BYBLOS: Bartender Richard Alam has poured hardly any drinks at his pub in Lebanon’s seaside city of Byblos, where once-busy streets have emptied of customers scared by border tensions during the Israel-Hamas war.
“I opened this whiskey bottle two weeks ago and it still isn’t empty,” said Alam, 19, standing behind his empty bar in the coastal city, home to a World Heritage site north of Beirut.
“Before, we would go through a bottle every day or every other day,” he told AFP.
Four years into an economic meltdown, Lebanon’s restaurants, cafes, hotels and shops face yet another challenge: keeping afloat during the Israel-Hamas war and related hostilities on the Lebanon-Israel border.
Gaza-based Hamas militants attacked southern Israel on October 7, triggering retaliatory Israeli bombing and a ground offensive in Gaza. Since then, Lebanon’s southern border has seen deadly escalating skirmishes, mainly between Israel and Hamas ally Hezbollah.
The fighting has so far been limited to the south, but some Western and Arab countries have advised their citizens to leave Lebanon, fearing a broader conflict.
Byblos, on Lebanon’s northern coast, “relies on tourists,” Alam said, wearing a bow tie and a suit.
“Our work has gone down from at least 40 to 50 tables a day to… seven at most.”
Nearby, customers are also scarce at Mona Mujahed’s souvenir shop, usually bustling with tourists and locals alike.
But there has been “no work, no money,” Mujahed, 60, said, sipping coffee in front of her shop where souvenirs sit untouched on the shelves.
Many domestic visitors fearful of war have also cut back on expenses, hitting restaurants, cafes, bars and shops hard.
Since 2019 Lebanese have suffered from a financial crisis branded by the World Bank as one of the planet’s worst since the 1850s. It pushed most of the population into poverty, and forced half of all restaurants, cafes, pubs and nightclubs to close down, said Tony Ramy, who heads an industry syndicate.
Ramy said the sector was just recently beginning to recover, after expatriate visitors flocked back to Lebanon over the summer following the coronavirus pandemic, the economic collapse and a catastrophic explosion at Beirut’s port in 2020.
“We had just turned the page on four difficult years with renewed momentum, but unfortunately the war ruined everything,” said Ramy, of the restaurant, cafe, nightclub and pastry shop owners’ syndicate.
“Since October 7 we have seen a dramatic decrease in clientele… (dropping) by up to 80 percent on weekdays and 30 to 50 percent on the weekend,” he said.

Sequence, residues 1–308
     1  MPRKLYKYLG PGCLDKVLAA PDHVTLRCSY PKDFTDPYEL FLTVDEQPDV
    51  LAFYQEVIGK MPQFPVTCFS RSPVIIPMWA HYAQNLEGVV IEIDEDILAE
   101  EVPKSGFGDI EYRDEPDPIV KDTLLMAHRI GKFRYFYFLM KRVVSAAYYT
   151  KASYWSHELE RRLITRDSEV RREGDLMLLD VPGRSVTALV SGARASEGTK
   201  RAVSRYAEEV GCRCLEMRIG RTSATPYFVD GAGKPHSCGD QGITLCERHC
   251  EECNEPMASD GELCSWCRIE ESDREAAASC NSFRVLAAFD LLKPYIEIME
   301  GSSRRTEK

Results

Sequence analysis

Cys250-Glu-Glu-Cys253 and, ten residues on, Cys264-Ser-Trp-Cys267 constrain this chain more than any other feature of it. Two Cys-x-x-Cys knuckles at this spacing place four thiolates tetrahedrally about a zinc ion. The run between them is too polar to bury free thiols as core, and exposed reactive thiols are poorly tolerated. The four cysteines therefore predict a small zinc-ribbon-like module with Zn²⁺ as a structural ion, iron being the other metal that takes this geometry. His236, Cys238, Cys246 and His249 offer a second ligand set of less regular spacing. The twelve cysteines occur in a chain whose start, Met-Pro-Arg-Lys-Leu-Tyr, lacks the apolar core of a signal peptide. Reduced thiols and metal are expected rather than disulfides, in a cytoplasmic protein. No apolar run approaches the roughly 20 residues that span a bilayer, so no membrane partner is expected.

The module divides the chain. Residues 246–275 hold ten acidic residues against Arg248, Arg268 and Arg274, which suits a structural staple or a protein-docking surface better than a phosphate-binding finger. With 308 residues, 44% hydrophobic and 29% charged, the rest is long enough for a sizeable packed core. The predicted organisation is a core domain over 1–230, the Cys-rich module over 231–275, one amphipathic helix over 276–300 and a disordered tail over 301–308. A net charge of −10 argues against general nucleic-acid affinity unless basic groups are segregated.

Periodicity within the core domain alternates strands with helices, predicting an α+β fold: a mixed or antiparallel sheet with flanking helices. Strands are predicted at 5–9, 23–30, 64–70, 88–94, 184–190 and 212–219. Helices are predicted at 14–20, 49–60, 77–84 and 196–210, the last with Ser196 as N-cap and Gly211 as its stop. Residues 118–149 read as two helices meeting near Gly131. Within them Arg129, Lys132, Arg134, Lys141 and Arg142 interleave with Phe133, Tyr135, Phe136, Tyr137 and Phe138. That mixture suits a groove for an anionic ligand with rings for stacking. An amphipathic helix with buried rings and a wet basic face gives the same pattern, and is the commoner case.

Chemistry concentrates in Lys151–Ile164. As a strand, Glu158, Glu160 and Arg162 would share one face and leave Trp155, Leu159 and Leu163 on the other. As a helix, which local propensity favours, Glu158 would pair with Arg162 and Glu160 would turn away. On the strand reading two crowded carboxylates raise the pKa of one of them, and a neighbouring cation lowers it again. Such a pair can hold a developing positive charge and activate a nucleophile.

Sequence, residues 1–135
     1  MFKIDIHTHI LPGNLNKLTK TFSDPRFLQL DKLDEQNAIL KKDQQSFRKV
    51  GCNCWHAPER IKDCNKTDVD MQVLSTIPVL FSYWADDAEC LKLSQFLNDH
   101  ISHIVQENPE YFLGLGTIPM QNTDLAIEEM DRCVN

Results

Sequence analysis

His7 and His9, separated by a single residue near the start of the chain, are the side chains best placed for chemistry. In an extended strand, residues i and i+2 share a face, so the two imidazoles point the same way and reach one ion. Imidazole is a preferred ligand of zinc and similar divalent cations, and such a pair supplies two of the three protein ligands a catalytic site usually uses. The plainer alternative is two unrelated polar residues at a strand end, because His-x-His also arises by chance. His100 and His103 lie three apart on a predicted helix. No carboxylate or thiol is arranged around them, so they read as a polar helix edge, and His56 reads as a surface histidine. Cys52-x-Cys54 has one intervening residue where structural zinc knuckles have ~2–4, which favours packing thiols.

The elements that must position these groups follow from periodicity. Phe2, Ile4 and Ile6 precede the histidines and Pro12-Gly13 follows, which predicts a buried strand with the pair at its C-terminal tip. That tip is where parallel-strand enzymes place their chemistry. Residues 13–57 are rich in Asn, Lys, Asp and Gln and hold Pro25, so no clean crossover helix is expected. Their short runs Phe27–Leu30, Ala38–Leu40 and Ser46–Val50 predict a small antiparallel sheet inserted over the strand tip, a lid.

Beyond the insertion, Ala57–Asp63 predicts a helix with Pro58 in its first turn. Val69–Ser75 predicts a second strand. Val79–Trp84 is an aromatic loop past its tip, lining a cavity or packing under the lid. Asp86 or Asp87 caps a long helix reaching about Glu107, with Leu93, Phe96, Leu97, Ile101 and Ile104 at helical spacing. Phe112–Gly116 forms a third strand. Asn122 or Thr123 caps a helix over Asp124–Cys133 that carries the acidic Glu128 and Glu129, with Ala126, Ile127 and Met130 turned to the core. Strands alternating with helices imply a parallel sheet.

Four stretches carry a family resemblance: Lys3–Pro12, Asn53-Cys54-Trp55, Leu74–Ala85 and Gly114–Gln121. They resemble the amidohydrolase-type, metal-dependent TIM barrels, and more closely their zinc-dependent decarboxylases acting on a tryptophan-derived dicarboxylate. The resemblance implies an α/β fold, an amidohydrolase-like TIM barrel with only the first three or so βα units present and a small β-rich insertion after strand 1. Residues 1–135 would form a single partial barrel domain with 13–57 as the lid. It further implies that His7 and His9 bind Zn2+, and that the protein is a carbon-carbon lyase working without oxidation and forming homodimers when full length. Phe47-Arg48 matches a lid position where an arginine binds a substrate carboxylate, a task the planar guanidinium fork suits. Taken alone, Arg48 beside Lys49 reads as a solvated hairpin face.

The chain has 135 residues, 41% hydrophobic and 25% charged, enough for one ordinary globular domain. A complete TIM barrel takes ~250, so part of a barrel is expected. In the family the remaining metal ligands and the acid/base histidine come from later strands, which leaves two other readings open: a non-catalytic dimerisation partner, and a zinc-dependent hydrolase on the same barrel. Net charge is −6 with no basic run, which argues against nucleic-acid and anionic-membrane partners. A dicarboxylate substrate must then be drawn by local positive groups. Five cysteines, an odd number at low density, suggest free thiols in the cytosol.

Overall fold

“No one knows if the situation in the south will deteriorate and no one can plan for anything,” he said, warning of the potential for “huge losses.”
Cross-border skirmishes have killed at least 88 people in Lebanon, mostly Hezbollah combatants but also 10 civilians, according to an AFP tally.
In northern Israel, nine people including six soldiers have been killed, according to official figures.
Lebanon’s national carrier Middle East Airlines (MEA) has slashed flights, and passenger numbers from the region to Beirut have dropped by 54 percent compared to last year, said the airline’s spokesperson Rima Makkawi
MEA passengers from Europe have also dropped by 30 percent compared to the same period last year, she added.
In Beirut’s once-bustling and vibrant Hamra area, the four-star Hotel Cavalier has seen hundreds of cancelations.
“From the first week (of hostilities), cancelations soared dramatically,” manager Ayman Nasser El Dine, 41, said in the deserted lobby.
“We had zero new reservations… This would be catastrophic if it lasts,” he said.
More than half of the hotel’s 65 rooms were pre-booked for November, but now staff barely welcome a dozen guests per day, he said.
The Cavalier was also overbooked for December and hotels had been looking forward to the Christmas holiday rush, he added.
But that was before the war.
Pierre Ashkar, who heads the hotel owners’ syndicate, said room occupancy had plummeted from about 45 percent to between zero and seven percent.
“Reservations have been canceled for the next two or three months” as countries advised their citizens against traveling to Lebanon, he said.
Even if the Hamas-Israel war ends tomorrow, Ashkar said “we need another month or two until countries change their travel advice so we can return to business as usual.”
But he expressed optimism that hotels in Lebanon, which saw civil war from 1975-1990, a 2006 war between Israel and Hezbollah, and the 2020 port explosion, would rebound once calm returned.
“We are a strong-willed people, born and bred during times of war,” Ashkar said. “If we didn’t have a long experience in crisis management, the sector would have long gone bankrupt.”

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